Related: How Kellie Leitch touched off a culture war

The Conservatives didn’t invent Canadian intolerance; all they did was give it mainstream legitimacy. Bill S-7 (Or the Zero Tolerance for Barbaric Cultural Practices Act), the most craven dog-whistle the Conservatives managed to pass into law, was supported by the Liberals and is still law. The Barbaric Cultural Practices hotline may have gone nowhere, but its mascots, Chris Alexander and Kellie Leitch, are currently Conservative leadership candidates. And Canadians not only support Leitch’s proposal to apply a values test to potential immigrants, they’re more uncomfortable with their minority neighbours than Americans are. While 68 per cent of the CBC-Angus Reid poll respondents from Canada believe minorities need to do more to fit in, only 53 per cent of American respondents feel that way.

Let’s dispense with the term “minorities” in this conversation, because what we’re really talking about are people who don’t look white—Brown, Asian, and Black people, many of whom can trace their ancestry in this country back farther than those who believe we need to do more to fit in. The question of assimilation, most often phrased as cultural “fit,” has been a question in Canada since our first prime minister argued for the Chinese Immigration Act, as an “Aryan” nation needed protection from “Asiatic principles,” “immoralities” and “eccentricities.” Cultural fit was the rationale for Wilfrid Laurier’s government to exclude Black Americans, last century’s refugees fleeing the atrocities of Jim Crow, from entry to Canada. “The climate and other conditions of this country,” said F.C. Blair, a senior bureaucrat in the Ministry of the Interior at the time, “are not . . . congenial to coloured people.”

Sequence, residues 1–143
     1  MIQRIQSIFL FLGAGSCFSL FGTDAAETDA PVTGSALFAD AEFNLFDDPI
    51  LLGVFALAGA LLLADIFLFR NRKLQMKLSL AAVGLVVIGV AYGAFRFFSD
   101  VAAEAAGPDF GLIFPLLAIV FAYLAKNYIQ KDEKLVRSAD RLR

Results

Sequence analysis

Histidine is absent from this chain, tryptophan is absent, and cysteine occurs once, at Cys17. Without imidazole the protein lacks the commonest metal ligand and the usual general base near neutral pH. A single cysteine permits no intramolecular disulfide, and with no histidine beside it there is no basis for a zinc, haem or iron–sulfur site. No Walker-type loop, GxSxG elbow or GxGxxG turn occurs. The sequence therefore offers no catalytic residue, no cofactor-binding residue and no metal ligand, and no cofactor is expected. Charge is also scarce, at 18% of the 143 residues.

The assimilation question in Canada is not new. It is not a blip on our cultural radar, and it can’t be defeated at the polls. The racist doctrine of Canadian assimilationism is the other side of xenophobia’s coin, and it is one of this country’s darkest strains of thought. Assimilationist politics spurred politicians to turn back the Komagata Maru’s Indian passengers in 1914, and to detain the MV Sun Sea’s Tamil passengers in 2010. Assimilationist politics drove the cultural genocide of Canada’s Indigenous communities for the greater part of the 20th century. They continue to do so in Children’s Aid services in many provinces, where Indigenous and Black youth represent children in care at rates wildly disproportional to the general population. When a candidate like Kellie Leitch hoists the Canadian flag, declares a candidacy based on assimilationist politics, and two-thirds of the country agrees with her, we can safely say the politics of fear and division were not defeated.

As much as we love to think of ourselves as a diverse and tolerant nation, we need to deal honestly with an inconvenient fact: racism is a Canadian value.

Just check the polls.